19.     The economy continues to be impacted by the flow-on effects from the COVID-19 pandemic and related lockdowns, affecting both retail-based town centres and industrial precincts.

20.     BID-operating business associations provide the local business leadership required to help their members to mitigate some of the economic effects of the pandemic through business resilience and recovery initiatives.

BID programmes are funded by a targeted rate on business ratepayers within a set area

21.     BID programmes are funded by a targeted rate applied to all commercially rated properties within a designated area around a town centre or commercial precinct.

22.     Auckland Council supports business associations operating BID programmes by collecting the targeted rates and providing these funds, in their entirety, by way of a BID grant to the relevant business association.

23.     This revenue is paid to the business association every quarter to provide a regular and sustainable income stream to implement an agreed work programme.

The BID Policy is the mechanism to ensure accountability for BID targeted rates

24.     Auckland Council’s Business Improvement District (BID) Policy (2016) (Kaupapa Here ā-Rohe Whakapiki Pakihi) ensures accountability for BID targeted rate funding and encourages good governance and programme management.

25.     The policy outlines the principles behind the council’s BID programme; creates the process for establishing, expanding, amalgamating and disestablishing BID programmes; determines rating mechanisms; prescribes operating standards and guidelines; and sets accountability requirements.

 

Diagram A: From calculation to approval, how the BID targeted rate is set.

The business association sets the BID grant amount to deliver its work programme

26.       BID-operating business associations are provided with a rate modelling spreadsheet to help with their budget decision-making. The spreadsheet models any proposed changes to their current BID grant amount and, most importantly, how that influences the BID targeted rate for everyone who will pay it. When considering a change to the BID grant amount, the association’s board must take into account what the local business and property owners can afford.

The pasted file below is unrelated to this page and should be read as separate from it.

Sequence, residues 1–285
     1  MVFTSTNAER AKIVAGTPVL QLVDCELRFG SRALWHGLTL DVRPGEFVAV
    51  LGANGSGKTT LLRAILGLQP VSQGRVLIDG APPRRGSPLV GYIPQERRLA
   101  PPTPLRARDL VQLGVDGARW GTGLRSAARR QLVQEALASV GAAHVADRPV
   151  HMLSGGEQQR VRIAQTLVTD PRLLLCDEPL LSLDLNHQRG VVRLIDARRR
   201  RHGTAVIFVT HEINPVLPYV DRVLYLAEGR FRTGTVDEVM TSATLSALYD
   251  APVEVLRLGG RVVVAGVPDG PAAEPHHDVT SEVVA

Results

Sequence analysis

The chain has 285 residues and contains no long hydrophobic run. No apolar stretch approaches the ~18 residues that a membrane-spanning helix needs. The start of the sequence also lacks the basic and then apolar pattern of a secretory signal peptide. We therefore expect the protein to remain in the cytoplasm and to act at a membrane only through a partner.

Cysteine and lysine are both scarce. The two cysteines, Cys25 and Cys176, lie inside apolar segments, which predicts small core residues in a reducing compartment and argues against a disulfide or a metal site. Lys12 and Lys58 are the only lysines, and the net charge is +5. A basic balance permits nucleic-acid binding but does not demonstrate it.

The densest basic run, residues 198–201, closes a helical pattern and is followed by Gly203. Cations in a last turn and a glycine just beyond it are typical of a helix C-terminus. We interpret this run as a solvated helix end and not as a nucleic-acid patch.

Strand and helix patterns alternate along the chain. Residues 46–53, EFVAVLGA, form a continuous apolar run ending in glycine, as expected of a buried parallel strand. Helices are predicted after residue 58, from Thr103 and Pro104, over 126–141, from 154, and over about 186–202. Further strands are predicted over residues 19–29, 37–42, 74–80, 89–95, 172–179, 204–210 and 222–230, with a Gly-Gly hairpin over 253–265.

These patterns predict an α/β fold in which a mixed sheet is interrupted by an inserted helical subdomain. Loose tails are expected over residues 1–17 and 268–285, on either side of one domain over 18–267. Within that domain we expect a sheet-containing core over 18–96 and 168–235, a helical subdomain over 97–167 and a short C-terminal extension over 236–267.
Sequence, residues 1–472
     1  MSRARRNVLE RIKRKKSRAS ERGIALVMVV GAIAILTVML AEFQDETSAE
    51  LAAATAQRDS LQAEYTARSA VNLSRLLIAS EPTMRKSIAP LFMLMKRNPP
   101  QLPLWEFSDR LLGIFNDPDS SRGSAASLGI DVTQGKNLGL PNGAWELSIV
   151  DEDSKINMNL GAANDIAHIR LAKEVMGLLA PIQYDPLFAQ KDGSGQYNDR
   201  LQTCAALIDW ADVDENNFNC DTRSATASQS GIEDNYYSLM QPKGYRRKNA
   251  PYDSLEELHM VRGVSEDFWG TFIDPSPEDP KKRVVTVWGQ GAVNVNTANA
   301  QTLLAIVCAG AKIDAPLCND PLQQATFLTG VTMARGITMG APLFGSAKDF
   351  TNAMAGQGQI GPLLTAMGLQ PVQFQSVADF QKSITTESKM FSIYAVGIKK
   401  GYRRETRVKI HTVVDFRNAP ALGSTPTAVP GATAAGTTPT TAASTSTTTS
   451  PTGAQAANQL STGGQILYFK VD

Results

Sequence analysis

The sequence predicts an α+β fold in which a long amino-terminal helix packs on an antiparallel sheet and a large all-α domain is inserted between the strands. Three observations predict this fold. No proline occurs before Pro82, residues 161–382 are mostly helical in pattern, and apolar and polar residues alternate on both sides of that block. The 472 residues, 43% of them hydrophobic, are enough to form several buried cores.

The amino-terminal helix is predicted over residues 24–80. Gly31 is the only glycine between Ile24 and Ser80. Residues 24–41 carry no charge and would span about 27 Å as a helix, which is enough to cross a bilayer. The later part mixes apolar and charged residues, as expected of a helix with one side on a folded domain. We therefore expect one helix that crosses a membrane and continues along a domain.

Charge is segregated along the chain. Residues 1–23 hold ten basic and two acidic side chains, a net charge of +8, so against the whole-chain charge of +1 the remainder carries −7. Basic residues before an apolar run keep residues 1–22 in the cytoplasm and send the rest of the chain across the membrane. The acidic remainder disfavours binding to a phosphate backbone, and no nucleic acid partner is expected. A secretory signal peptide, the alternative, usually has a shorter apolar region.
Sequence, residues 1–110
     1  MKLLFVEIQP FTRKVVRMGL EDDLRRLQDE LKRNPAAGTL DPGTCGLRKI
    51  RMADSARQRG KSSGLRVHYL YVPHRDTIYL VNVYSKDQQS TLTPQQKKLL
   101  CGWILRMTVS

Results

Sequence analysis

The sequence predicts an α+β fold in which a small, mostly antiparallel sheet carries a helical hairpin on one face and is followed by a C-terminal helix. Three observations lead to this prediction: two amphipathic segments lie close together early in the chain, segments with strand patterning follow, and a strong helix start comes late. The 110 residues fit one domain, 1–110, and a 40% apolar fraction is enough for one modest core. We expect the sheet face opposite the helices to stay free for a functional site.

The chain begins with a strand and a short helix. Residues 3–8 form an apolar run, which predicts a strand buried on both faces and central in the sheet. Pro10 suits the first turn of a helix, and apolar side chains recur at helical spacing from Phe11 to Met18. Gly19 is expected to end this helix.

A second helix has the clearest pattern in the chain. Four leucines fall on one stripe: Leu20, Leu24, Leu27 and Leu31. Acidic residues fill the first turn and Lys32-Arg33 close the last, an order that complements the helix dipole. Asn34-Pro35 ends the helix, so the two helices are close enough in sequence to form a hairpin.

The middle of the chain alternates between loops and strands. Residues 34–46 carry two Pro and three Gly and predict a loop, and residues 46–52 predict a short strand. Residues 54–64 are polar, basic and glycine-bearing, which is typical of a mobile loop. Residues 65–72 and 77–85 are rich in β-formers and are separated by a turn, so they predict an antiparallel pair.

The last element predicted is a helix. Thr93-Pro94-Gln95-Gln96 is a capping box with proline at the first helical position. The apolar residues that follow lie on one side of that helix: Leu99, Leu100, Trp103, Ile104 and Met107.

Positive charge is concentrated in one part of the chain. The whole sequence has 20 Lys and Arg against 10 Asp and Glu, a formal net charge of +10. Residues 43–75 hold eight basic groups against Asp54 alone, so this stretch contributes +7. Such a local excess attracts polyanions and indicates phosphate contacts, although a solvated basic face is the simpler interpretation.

27.     Each BID-operating business association prepares an annual business plan for the following financial year that will deliver programmes based on their strategic priorities and financial parameters.

28.     The cost of implementing that business plan is set out in an annual budget that the association’s board (governing committee) agrees will be recommended for approval by the business association membership.

29.     The Annual General Meeting (AGM) provides the forum where members vote to approve the operational budget and, in doing so, set the requisite BID grant amount for the following financial year.

Local boards are responsible for recommending the targeted rate if a BID complies with the BID Policy

30.     Under the Auckland Council shared governance arrangements, local boards are allocated several decision-making responsibilities in relation to BID programmes. One of these is to annually recommend BID targeted rates to the Governing Body. The local board should recommend the setting of the targeted rate if it is satisfied that the BID is sufficiently complying with the BID Policy.

31.     The Rodney Local Board approved a similar recommendation for the BID programmes last year (resolution number RD/2020/40), as did 17 other local boards that have BID programmes operating in their rohe.

32.     The recommendation in this report is put into effect with the Governing Body’s approval of the Annual Budget 2021/2022 and its striking (setting) of the targeted rates.

33.     In accordance with the provisions of the Local Government Act 2002 and the Local Government (Rating) Act 2002, the Governing Body is authorised to make the final decisions on what BID programme targeted rates, if any, to set in any particular year or property (in terms of the amount and the geographic area to be rated).